Hearing on building moratorium slated for Wednesday in Amherst

  • Amherst Town Hall GAZETTE FILE PHOTO

Staff Writer
Published: 5/17/2021 11:38:19 AM

AMHERST — A six-month prohibition on issuing building permits for projects containing at least three dwelling units will be discussed at a joint public hearing by the Planning Board and Community Resources Committee this week.

On Wednesday at 8 p.m., the panels will hold a virtual hearing on the moratorium being sought via a petition that has more than 830 signatures.

In an email, Elizabeth Vierling of Cottage Street said the goal of the petition, which shows discontent with the continued development of five-story, mixed-use buildings downtown, is not to block business development but to take time to consider how Amherst is developed and whether guidelines set in the town’s master plan are being followed.

Among the objectives outlined in the moratorium are to have design standards created for the town’s streetscape, sidewalk widths and greenspace when multi-unit developments are proposed, and adjusting building height and setback requirements. In addition, supporters of the moratorium would like to see changes to the municipal parking overlay in the general business district that currently allows for no parking spaces at new residential buildings, as well as the removal of existing parking spaces without contribution to a public parking fund, yet allows tenants at these projects to get town parking permits for use of town parking spaces.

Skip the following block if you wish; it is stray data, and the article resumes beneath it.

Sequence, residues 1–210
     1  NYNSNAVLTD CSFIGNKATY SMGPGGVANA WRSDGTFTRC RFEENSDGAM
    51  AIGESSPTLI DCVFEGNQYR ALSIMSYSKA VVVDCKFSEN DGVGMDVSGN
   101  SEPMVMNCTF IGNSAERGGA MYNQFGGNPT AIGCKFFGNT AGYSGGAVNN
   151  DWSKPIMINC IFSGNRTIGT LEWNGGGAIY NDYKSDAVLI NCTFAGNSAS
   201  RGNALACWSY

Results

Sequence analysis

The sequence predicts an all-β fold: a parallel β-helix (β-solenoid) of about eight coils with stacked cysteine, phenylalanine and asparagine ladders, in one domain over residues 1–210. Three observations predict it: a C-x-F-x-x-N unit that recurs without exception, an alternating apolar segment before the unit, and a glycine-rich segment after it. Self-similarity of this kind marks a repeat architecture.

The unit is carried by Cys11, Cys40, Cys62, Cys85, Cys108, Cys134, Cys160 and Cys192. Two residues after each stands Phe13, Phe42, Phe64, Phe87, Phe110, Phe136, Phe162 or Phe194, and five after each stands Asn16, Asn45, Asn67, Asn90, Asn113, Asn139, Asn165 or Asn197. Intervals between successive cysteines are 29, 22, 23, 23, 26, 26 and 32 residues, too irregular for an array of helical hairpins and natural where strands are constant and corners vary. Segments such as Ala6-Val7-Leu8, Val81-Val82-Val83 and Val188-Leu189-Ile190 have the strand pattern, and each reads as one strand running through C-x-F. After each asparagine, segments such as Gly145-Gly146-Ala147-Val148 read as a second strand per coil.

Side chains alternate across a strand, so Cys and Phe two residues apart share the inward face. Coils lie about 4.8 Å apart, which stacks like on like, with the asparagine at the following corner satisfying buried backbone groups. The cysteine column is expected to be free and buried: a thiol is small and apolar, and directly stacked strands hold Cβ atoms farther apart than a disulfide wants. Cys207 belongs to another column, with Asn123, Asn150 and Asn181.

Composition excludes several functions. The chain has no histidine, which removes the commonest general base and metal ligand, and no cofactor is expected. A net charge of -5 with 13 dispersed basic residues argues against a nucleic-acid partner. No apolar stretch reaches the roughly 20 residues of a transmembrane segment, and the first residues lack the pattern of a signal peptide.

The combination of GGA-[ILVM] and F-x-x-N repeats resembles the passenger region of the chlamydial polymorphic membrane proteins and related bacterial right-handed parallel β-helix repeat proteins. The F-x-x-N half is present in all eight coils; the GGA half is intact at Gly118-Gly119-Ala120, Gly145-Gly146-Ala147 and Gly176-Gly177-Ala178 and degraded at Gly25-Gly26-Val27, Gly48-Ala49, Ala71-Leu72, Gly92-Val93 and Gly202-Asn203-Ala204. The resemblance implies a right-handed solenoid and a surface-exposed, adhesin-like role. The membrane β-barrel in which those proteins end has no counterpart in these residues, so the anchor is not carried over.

This issue with parking is also addressed in a letter recently sent to constituents by District 3 Councilor Dorothy Pam, who argues that downtown homeowners are being affected by the plethora of permits being issued for people living at sites like One East Pleasant and Kendrick Place.

“Then we find out that the majority of their UMass tenants do not use the more expensive parking lots available to them on campus, but get inexpensive permits from the town of Amherst to park on streets in residential neighborhoods, causing parking problems there,” the letter reads. 

Before the moratorium hearing, at 7 p.m., the panels will get feedback on the idea of amending the town’s inclusionary zoning bylaw so that almost all projects with at least 10 new residences, whether townhouses, apartments, mixed-use or cluster subdivisions, will require some affordable housing.

While Vierling said that supporters of the moratorium appreciate inclusionary zoning, “the other bullet points noted here are woefully behind in consideration and critical to making Amherst a model small New England town, as opposed to a pseudo-urbanized cluster of five-story apartments lacking streetscape, burying retail and with insufficient parking.”

Scott Merzbach can be reached at smerzbach@gazettenet.com.


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